Yesterday was technically Archer's last day of preschool and I sat all day at my desk with poopy-stomach trying to wrap my head around what it means to see him off at a new school, introduce him to a new world with new friends and strangers, teachers... parents.
We've been discussing the changes afoot for weeks now. The new school which Archer says he "can't wait for!" even if it means a whole new set of students, teachers, friends... But when I picked him up from school yesterday, Archer looked angry.
"Ready to go?" I asked.
Archer glared at me and crossed his arms.
"Are you bummed school's over?" I asked.
"No!" he crossed his arms tighter. "I'm glad it's over!"
"It's normal to be a little sad. Saying goodbye to people and places and things is the hardest part of being a human."
"I'm not sad!" he said, sniffling. "I just want the picture off my cubby!"
"But you'll be back at school in two weeks so you don't need to take your picture...We're doing summer school three days a..."
"YES I DO! I NEED MY PICTURE!"
Moments later we were in full on won't-get-into-the-car won't-get-out-of-the-car "no! no! no!" meltdown mode.
Part of me wanted to join him. Instead, I drove home saying nothing, parked the car, went to the freezer and retrieved a box of ice-cream sandwiches, which we then proceeded to dine on, silently brooding...
So what do you do if you want to eat eggs from chickens that haven’t been confined to concentration camp conditions? Well, you can raise your own chickens. Many cities and almost all suburbs now allow chickens. Check your city ordinances to see if you are allowed chickens. There are some awesome chicken coups available online if you are seeking this adventure. This is my favorite one. If I hadn’t converted my backyard lawn to a vegetable garden, I would probably be buying one of these!
Otherwise, check out your farmer’s market and talk to the stand owner about how their chickens are raised. You can look at this website to find a farm that has been approved as a humane farm in your state. If you have CSA’s in your area (Community Supported Agriculture), contact them and ask where to get your eggs. Eating eggs from humanely raised chickens not only is the ethical choice, the eggs taste better and are better for you. The difference in price is only a couple of dollars and it is well worth it. Eggs are still the cheapest meal you can make. One dozen eggs can make, when extended, anywhere from 8-12 servings!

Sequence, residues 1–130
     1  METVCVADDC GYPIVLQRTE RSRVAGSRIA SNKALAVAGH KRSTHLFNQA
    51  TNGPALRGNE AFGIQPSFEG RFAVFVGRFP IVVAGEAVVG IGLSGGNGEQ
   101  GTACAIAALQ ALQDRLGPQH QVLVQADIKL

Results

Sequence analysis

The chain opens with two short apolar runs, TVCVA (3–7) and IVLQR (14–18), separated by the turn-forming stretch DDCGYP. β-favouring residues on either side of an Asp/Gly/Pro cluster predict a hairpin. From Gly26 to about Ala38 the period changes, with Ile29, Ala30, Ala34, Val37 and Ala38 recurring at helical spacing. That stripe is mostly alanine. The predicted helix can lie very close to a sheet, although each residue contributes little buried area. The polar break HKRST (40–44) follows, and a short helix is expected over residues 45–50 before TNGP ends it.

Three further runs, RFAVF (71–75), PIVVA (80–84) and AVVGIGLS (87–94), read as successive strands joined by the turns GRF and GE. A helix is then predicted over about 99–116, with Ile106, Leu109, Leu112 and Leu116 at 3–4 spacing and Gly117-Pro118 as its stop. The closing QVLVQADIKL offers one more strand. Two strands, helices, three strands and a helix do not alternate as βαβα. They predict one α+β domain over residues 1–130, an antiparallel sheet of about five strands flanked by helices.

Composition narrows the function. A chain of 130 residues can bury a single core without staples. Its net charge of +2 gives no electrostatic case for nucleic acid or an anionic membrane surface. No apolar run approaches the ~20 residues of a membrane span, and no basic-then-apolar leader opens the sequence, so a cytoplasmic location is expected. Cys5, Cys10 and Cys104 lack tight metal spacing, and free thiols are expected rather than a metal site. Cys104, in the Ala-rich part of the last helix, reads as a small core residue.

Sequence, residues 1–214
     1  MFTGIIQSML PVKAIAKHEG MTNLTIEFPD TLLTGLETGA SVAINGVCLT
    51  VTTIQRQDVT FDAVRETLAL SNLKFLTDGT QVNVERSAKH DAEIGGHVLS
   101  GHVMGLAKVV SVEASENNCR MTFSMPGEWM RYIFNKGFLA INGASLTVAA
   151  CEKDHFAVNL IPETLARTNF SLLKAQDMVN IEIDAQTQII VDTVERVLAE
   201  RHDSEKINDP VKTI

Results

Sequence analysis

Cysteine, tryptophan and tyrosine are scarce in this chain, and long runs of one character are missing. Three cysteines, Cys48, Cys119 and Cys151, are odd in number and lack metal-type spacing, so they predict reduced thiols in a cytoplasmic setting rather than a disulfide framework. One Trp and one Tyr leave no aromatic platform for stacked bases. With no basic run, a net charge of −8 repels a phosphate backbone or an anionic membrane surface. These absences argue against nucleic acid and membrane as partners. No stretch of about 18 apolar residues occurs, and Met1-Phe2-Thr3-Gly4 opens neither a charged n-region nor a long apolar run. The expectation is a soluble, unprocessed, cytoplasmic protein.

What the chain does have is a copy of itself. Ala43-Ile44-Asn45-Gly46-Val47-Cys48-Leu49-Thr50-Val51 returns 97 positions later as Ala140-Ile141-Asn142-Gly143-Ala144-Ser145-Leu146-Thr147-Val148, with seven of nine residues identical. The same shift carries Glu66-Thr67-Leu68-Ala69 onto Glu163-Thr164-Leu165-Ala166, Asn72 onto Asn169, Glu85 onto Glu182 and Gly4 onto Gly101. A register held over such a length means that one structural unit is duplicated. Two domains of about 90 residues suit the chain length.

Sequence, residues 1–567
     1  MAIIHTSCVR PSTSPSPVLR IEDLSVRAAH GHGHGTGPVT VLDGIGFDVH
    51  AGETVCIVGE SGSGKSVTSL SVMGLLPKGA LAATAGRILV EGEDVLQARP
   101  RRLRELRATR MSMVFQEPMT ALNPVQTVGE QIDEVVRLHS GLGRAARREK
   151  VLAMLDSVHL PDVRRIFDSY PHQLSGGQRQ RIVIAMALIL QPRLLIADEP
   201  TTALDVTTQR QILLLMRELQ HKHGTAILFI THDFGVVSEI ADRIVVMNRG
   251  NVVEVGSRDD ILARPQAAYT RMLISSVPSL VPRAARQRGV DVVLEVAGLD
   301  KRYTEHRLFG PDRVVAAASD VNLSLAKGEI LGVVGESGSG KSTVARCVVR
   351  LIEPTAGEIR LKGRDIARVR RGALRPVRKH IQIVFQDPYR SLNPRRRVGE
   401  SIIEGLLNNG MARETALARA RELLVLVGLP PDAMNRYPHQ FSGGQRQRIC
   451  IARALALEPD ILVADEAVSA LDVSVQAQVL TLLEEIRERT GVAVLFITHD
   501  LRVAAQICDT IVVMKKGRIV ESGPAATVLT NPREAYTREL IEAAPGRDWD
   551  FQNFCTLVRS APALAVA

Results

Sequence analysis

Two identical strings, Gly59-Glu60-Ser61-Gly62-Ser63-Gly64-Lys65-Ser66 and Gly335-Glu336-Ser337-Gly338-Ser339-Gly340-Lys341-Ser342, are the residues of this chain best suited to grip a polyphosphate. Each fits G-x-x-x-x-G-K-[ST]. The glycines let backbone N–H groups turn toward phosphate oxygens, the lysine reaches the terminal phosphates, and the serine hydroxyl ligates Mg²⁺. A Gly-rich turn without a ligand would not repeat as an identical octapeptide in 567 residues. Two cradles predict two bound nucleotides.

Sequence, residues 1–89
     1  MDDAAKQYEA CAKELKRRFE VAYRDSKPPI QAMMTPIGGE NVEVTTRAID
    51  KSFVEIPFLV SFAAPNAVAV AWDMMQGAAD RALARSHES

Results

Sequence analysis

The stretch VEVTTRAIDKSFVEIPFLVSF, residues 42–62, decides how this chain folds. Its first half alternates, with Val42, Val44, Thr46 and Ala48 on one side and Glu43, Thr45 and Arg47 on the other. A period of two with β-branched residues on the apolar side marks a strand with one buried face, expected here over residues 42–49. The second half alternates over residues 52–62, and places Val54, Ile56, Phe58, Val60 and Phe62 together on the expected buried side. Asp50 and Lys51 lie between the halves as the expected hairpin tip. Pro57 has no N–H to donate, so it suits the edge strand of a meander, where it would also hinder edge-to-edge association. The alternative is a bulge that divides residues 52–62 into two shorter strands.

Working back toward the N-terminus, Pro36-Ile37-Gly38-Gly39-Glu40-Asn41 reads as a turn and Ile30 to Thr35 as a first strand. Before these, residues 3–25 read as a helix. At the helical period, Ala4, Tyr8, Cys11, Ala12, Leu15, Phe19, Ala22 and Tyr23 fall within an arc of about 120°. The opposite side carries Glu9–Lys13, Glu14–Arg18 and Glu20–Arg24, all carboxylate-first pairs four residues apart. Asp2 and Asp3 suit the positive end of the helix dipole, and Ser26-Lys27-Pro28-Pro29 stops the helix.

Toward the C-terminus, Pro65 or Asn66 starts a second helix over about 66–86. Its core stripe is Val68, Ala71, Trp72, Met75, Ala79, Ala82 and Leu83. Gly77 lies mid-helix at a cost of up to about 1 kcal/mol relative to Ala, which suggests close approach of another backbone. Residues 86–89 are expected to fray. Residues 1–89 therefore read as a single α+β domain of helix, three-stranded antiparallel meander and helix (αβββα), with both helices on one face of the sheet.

I get my eggs from a friend who has chickens. She treats them like pets (chickens actually can be quite sweet when treated properly). The yolks are bright orange and the white doesn’t run all over the pan. And they are unbelievably delicious.
My favorite egg recipe is a Persian dish given to me by a lovely Iranian woman I met while on the train. I was on my way home from visiting Rebecca and her family right after Fable was born. We sat next to each other and became fast friends. She had been an obstetrician in Iran and was brimming with interesting stories. Somehow we got on the topic of cooking and she shared this recipe with me—a staple of the Iranian diet.
I like to pick recipes that extend the eggs to minimize the amount of animal protein we are getting. Mirza Ghassemi does that perfectly! And the eggplant is disguised for fussy eaters. This is a great summer dish, especially if you have your own vegetable garden or frequent a farmer’s market. The tomatoes, onions, and eggplant are fresh from my garden.
1 onion, cut in half and sliced
2 cloves garlic, smashed, chopped, and smashed again
4 eggs, beaten
1 teaspoon turmeric (or to taste)
3 large tomatoes, seeded and chopped
salt and pepper to taste
vegetable oil (I use olive oil)
1. Prick an eggplant and roast on a foil lined pan in the oven at 400 degrees for 30-40 minutes or until soft.
For vegans, substitute for the eggs a block of tofu, pressed, drained, and crumbled. Don’t cook too much after adding the tofu. Just warm it through.
1. Precook the crust for 10 minutes at 400.
2. Grate or crumble about a quarter pound of your favorite cheese. I like to use goat cheddar. It’s YUMMY!
3. Sauté your vegetables first so the water evaporates. Favorite combos are leeks (or onions) and spinach or chard…or really any vegetable you want. I use whatever is in my garden. Don’t cook too long. (If you have leftover veggies, you can use those. I usually roast a lot of vegetables and often use the leftovers for quiche).
4. To make the custard: use 4 eggs, beaten (depending on the size) to 2 cups of half and half, or substitute buttermilk or my FAVORITE, whole goat milk. You will get the same consistency as half and half. Add salt, and pepper to taste.
5. Cool the crust for 5-10 minutes before assembling. Put the veggies on the bottom, add cheese on top, and pour the egg mixture evenly between the two pans.
6. Cook for 40 minutes at 350, or until a knife inserted in the middle comes out clean. Serve with a big salad and crusty bread for a perfect dinner.
1. Mary’s Greek scramble (ED: Mary is my mom's BFF)
2. Huevos rancheros (fried eggs on warmed tortillas with salsa and cheese.)
3. Poached eggs over polenta.